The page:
As Tsunami Debris Crosses Pacific, Dangers Emerge
Beaches on the West Coast are getting a regular dose of debris from the 2011 tsunami in Japan. The first few items were curiosities — a boat here, a soccer ball there — but as the litter accumulates, officials such as Washington Gov. Chris Gregoire have acknowledged the scale of the problem.
"We are in for a steady dribble of tsunami debris over the next few years, so any response by us must be well-planned — and it will be," she said.
Beyond the obvious problem of litter, officials are on the lookout for hidden dangers.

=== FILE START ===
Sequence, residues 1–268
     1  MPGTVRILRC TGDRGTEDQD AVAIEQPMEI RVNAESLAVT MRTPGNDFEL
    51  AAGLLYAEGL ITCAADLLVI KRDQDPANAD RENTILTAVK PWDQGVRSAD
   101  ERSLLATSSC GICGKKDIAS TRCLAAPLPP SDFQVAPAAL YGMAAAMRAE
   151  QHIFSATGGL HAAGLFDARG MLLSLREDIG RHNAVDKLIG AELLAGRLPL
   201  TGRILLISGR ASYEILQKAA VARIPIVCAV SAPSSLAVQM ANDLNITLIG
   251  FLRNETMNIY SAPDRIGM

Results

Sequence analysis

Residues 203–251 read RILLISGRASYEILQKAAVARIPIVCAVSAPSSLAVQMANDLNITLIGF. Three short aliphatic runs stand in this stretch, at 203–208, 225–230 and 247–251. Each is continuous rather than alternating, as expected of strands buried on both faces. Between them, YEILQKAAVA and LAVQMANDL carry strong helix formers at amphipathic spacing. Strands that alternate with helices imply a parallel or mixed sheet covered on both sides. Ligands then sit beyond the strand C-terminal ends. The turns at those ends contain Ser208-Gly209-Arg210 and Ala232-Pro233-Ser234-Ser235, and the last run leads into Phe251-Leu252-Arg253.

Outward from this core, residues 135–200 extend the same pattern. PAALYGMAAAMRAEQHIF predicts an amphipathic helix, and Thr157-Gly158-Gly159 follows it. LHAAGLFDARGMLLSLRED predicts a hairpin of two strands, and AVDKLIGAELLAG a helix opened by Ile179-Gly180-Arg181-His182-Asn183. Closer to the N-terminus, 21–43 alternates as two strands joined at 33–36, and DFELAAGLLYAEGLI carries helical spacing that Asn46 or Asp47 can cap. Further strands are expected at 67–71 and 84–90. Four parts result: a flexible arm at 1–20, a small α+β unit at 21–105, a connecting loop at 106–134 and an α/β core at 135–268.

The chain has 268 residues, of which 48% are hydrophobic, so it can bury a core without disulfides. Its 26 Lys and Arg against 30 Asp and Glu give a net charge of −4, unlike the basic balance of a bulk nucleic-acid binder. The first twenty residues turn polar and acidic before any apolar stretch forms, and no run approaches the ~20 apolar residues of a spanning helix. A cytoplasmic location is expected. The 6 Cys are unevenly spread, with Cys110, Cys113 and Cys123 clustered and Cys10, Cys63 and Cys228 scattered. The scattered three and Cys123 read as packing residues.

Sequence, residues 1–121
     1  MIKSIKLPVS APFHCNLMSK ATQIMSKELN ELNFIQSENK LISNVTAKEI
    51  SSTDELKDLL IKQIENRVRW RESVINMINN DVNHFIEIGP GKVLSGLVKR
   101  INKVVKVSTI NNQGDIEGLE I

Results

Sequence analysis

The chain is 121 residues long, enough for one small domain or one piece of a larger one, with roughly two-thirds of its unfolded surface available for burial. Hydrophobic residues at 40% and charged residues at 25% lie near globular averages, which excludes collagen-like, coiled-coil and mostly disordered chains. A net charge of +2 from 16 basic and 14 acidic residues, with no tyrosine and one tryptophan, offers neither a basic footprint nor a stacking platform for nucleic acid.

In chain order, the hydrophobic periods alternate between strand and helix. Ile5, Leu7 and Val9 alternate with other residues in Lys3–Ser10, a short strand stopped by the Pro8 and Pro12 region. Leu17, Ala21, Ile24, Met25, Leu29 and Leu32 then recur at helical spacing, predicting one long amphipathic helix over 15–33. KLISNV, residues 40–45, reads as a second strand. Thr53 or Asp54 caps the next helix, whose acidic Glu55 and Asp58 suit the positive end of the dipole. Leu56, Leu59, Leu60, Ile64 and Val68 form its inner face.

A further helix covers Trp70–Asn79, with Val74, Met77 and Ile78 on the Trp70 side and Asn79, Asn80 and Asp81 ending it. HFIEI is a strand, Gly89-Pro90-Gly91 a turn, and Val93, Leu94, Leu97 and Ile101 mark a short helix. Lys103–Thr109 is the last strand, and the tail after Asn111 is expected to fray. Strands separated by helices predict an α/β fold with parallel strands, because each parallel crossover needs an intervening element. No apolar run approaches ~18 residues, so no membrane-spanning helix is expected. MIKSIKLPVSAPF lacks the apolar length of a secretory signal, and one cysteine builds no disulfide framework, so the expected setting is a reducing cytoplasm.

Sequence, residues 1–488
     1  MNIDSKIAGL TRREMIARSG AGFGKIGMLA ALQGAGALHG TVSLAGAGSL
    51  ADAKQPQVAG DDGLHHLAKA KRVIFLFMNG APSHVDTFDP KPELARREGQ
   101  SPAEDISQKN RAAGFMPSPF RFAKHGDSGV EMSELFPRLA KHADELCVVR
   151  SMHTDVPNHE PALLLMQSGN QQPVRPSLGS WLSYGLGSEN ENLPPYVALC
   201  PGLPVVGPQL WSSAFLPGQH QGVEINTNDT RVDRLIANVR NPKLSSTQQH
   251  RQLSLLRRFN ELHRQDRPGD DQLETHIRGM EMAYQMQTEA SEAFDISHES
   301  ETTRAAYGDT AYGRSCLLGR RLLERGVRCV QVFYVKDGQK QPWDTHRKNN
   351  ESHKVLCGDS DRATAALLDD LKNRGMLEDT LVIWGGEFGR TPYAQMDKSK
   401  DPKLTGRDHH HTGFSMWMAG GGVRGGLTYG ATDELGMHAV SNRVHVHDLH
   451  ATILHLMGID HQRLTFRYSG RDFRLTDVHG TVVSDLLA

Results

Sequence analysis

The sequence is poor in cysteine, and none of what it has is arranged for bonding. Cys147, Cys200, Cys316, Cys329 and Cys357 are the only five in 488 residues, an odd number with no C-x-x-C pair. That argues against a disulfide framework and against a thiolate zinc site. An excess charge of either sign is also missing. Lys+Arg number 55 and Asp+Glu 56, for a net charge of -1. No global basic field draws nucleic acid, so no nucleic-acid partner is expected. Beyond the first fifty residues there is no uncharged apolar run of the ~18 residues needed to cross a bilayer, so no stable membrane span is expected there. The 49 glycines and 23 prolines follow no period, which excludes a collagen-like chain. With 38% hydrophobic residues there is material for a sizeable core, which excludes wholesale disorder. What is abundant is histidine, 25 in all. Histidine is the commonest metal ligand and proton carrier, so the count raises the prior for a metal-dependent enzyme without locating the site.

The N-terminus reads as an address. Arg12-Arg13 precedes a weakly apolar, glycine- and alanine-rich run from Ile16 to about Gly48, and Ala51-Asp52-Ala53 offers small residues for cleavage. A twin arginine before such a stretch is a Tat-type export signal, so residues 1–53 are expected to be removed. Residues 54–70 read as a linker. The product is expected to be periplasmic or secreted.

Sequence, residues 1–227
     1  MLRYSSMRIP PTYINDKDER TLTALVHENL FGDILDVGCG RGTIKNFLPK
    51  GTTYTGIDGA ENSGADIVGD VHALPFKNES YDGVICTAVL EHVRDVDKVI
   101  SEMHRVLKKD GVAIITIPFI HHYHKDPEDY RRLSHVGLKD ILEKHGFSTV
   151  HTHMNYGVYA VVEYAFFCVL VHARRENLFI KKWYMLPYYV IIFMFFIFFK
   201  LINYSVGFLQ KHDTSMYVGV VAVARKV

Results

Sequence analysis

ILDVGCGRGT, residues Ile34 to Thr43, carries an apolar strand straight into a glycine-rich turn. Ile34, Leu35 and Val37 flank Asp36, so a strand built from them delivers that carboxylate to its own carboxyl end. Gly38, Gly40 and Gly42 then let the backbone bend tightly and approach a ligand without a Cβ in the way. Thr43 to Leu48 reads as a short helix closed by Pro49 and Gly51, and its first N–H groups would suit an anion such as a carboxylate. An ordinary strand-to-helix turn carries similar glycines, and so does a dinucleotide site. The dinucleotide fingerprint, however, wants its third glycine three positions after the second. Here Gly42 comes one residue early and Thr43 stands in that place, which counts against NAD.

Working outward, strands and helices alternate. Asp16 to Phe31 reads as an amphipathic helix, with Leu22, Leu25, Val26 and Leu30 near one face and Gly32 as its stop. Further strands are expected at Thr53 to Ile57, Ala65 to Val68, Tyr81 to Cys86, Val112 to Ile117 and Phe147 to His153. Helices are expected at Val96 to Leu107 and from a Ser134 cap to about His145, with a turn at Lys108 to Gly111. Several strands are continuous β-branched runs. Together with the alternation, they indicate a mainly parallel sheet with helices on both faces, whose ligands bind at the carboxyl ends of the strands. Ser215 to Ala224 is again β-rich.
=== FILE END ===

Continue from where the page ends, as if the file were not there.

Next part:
The tsunami swept an estimated 5 million tons of debris into the Pacific Ocean. Japanese scientists guess about 70 percent of that sank right away, which leaves maybe 1.5 million tons still floating around.
"It's everywhere," says Carey Morishige, the Pacific Islands coordinator of the marine debris program at the National Oceanic and Atmospheric Administration. "It's spread out across nearly the entire Pacific Ocean."
Morishige says the debris can't really be tracked from above — it's too hard to see. So her agency uses computer models to predict its movement.
"All marine debris does not move the same," she says. "It depends on what the particular item is. If it sticks above the water quite a lot, winds tend to move the item faster."
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Image credit: Robin Loznak, Corbis